Computing tips

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Rebooting systems

Shut the machine off at the power supply. Keep it shut off until the fan is completely stoppped and then repower. This is an essential step to debugging problems.

When you reboot, and if the machine is stubborn on the fscking (at least three attempts have produced the same behaviour), then please comment out the offending disk in /etc/fstab to the machine can reboot gracefully and then try to fix the problem (reformat and/or repartition the drive for example). Use fsck -Cy <disk> if you want to see the progress status and also answer "yes" by default to all its queries (see the man page for more information).

Testing account

An account for testing scripts on the systems has been created. To get into the account type:

 rsh -l testing <host>

where <host> is the name of the system you wish to do testing on. It may be any of the desktops or the farm. This should work if you are logged onto any machine which appears in the .rhosts file in the testing account home directory.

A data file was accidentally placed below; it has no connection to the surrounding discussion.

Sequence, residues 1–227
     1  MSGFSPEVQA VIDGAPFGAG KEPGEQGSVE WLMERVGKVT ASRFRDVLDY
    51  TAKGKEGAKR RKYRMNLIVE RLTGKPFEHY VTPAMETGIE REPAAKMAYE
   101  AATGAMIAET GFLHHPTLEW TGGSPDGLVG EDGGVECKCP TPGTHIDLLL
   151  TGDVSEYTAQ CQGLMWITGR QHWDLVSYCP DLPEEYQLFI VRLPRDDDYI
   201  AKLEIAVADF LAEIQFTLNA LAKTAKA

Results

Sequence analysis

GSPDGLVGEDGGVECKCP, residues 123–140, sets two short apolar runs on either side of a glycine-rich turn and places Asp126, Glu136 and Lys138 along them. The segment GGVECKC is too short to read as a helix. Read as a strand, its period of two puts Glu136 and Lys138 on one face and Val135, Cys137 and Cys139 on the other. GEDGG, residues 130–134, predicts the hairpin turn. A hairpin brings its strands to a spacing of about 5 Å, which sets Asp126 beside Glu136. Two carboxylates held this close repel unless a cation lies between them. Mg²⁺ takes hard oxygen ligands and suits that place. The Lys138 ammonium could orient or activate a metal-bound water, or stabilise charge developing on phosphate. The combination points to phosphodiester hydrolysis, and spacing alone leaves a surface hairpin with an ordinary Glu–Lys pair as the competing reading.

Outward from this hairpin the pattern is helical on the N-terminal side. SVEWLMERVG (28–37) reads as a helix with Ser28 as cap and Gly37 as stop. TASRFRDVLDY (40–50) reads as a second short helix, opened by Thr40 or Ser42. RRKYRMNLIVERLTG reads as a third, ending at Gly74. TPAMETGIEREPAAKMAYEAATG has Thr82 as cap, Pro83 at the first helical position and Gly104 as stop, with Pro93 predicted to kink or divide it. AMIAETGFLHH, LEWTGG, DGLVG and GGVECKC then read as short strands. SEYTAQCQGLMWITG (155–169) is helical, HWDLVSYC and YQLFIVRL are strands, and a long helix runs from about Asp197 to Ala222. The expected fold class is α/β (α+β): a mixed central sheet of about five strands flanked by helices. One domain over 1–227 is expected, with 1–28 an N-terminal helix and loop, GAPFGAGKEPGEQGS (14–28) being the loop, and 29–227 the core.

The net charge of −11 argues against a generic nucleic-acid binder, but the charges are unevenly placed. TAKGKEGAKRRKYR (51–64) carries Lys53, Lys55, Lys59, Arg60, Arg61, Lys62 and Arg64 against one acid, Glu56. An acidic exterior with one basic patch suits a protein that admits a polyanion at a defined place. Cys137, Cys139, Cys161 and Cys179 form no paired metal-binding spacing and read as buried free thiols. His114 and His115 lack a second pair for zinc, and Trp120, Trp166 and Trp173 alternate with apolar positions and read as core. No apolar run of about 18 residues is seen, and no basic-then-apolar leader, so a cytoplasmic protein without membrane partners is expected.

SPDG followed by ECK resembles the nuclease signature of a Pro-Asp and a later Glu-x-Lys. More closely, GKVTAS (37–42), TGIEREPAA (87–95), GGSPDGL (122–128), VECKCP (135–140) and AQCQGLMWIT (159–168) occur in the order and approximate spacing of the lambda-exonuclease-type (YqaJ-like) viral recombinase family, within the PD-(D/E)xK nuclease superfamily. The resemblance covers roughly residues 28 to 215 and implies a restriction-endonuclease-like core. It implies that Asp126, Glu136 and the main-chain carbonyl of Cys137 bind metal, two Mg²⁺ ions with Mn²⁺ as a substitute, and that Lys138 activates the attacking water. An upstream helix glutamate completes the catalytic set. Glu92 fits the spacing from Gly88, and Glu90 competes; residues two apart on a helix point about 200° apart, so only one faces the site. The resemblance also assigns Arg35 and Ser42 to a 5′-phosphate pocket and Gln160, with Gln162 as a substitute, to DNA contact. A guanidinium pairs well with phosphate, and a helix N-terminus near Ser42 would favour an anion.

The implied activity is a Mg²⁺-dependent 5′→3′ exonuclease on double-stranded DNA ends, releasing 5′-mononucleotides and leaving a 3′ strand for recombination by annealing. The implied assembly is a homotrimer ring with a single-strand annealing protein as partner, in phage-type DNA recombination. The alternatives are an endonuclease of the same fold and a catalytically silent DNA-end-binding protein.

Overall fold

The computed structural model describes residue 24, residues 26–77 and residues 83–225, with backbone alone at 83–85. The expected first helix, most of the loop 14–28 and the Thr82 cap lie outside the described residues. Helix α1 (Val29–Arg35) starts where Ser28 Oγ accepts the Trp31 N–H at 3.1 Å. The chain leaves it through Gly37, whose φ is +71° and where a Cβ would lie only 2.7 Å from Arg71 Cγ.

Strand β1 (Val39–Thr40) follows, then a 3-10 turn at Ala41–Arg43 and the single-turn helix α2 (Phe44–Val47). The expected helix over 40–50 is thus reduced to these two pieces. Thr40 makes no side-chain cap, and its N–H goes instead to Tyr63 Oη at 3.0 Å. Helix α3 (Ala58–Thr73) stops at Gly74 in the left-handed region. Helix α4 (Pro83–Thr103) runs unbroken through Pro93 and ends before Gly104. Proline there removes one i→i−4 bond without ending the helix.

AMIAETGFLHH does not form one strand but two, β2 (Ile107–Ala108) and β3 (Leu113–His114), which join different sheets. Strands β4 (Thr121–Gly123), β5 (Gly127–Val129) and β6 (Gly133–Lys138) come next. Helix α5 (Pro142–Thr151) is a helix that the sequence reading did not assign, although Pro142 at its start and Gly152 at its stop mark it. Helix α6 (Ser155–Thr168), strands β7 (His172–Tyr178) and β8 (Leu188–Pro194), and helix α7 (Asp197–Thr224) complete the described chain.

Do NOT use MS Windows conventions

Do NOT use Microsoft Windows conventions, filenames, and files. That is, files with extensions like ".exe" or ".htm", and files containing ^M. This may result in data loss and will end up being your headache.

Most of the systems in the lab have "dos2unix" installed to help with removing ^M's in DOS text files. If you don't have dos2unix, this Perl oneliner will do the trick too:

 perl -p -e 's/\r$//' < dosfile.txt > unixfile.txt

More info is at

Web server rules of thumb

Regarding symlink/redirection rules: if it's due a wrong URL that has gotten propagated too much, let's do it using .htaccess. If it's a visible redirect (i.e., for example, we'd like the same html document to be pointed by several files, like index.html, then we'll use symlinks).

Long paths

If you issue "pwd" at the command line, you may see a long path like this:


This is a temporary path that exists only while your files are being accessed on a machine. If someone tries to "cd" into that directory on another machine, it will most likely fail. When publishing (emailing) paths, replace "tmp_mnt" with "hosts". The above path should be:


Explanation: When you access /hosts/machine/some/path then the files on machine are automatically mounted on /tmp_mnt/hostname/some/path. This mount expires when access to that path ceases.

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